Jake and Dinos Chapman

Is there any mileage left in the idea of art as an oppositional practice, a set of moves made against the prevailing culture and its norms from outside its territory? For the Chapman brothers the answer would appear to be no. Why bother to fake an ideological purity when such a thing is an irrelevant impossibility anyway? Their game, rather, is to welcome the apparent inescapability of their situation and to juggle truisms until the viewer becomes disoriented by their dexterousness. You think contemporary art is a con, that it makes pretentious use of half-understood theories, and is deliberately outrageous and silly? OK, we’ll give you some of that. You think that real art is about skill, hard work, and serious engagement with issues? OK, we’ll give you lots of that, too. It’s never either/or with them. It’s always both/and, and then something else besides.

The smell was perfect. Stuck into the arms of one carved figure, two joss sticks smoked away, filling the air with the cloying scent of hippie joy in the superior spirituality of the Other. White Cube had had its whiteness obscured: dark paint on the walls, low lighting—just spots falling onto the sculptures, which sat atop the plinths crowding the space. It was sepulchral, reverential, almost holy in a self-consciously contrived and artificial way. The gallery is on the cultural wannabe circuit, so it was packed, and people shuffling around talking to one another in respectfully hushed tones added to the overall atmosphere.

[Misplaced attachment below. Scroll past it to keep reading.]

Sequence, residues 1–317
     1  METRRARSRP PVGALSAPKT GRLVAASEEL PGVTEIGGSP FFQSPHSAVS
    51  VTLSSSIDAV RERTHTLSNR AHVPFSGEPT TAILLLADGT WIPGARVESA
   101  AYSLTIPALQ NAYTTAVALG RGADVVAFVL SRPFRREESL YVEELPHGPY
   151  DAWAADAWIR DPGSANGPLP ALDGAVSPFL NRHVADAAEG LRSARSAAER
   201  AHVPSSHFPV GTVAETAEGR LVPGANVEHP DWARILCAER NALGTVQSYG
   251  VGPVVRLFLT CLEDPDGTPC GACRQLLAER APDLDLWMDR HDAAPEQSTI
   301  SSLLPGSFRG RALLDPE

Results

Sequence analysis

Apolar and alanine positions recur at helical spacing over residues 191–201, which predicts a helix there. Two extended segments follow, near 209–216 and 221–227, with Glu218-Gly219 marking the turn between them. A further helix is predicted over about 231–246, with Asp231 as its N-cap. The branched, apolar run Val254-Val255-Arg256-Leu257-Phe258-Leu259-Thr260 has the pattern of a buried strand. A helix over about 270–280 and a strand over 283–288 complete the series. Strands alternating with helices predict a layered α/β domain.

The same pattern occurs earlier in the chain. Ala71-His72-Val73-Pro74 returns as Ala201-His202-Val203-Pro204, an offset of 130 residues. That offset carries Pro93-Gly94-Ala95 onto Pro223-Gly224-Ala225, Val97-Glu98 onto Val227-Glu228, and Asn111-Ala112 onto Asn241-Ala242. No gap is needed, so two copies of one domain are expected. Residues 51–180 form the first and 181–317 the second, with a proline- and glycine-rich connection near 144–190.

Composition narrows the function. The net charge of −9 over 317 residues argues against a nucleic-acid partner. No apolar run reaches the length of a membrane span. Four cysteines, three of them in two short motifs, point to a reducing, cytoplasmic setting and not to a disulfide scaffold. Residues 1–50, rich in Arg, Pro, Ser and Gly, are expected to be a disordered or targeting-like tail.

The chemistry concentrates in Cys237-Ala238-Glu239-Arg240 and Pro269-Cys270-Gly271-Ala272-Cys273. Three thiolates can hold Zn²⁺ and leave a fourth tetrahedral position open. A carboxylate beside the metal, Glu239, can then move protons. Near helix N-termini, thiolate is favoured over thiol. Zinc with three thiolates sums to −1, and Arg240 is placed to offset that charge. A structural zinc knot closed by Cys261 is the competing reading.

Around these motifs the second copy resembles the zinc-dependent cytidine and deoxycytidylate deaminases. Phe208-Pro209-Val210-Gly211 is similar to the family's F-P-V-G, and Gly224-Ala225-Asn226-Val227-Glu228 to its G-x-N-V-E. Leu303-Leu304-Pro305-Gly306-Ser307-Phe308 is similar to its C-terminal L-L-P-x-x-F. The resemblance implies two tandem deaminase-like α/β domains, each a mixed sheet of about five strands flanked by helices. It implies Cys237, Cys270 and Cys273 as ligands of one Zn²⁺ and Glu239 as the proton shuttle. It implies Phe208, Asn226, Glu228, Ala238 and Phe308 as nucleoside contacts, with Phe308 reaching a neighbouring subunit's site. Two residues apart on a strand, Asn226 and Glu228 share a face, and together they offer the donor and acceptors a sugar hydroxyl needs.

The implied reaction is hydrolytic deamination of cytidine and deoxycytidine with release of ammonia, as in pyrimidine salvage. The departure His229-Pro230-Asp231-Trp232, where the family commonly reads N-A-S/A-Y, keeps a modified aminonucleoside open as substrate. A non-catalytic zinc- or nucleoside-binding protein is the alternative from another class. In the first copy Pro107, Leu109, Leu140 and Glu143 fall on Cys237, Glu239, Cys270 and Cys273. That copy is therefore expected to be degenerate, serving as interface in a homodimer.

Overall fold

The sculptures themselves—all of them “Works from the Chapman Family Collection,” 2002—were wood carvings of humanoid forms whose poses and bodily exaggerations aped the look of what, over the years, has loosely, ignorantly, patronizingly, or disparagingly been classified as primitive art. They had been done in a variety of styles as if to suggest origins in a range of different cultures, and the press release even helpfully named some of these evocative-sounding imaginary locations: Camgib, Seirf, Ekoc . . . The riddle of their provenance, then, was hardly a riddle at all, since what united this “extraordinary assemblage of rare ethnographic and reliquary fetish objects” was a consistent, if backhanded, reference to a well-known fast-food outlet. Bowed legs formed the double arch of the famous M, the stippled back of a nonspecific four-legged animal imitated a carton of French fries, a squat, rotund deity could be seen, on close examination, to be a hamburger on legs, and so on.

One of the brothers’ earlier works—a model of a drive-thru McDonald’s—was given the title Rhizome, 2000, and the ubiquity of reference to the same symbol of global corporate reach among this collection of ostensible family treasures extended the Chapmans’ taunting play with fashionable ideas. Whether or not Deleuze and Guattari’s theory of deterritorialization and reterritorialization will get us very far in combating the curse of globalization—or whether, indeed, globalization should be thought of as a curse at all—are not questions that the Chapmans seem likely to answer in any straightforward way. That would be too simplistic, and anyway, where they stand, either aesthetically or morally, should be of little concern to us. What the “Family Collection” amusingly provokes is more nuanced thinking about one’s own position.

Michael Archer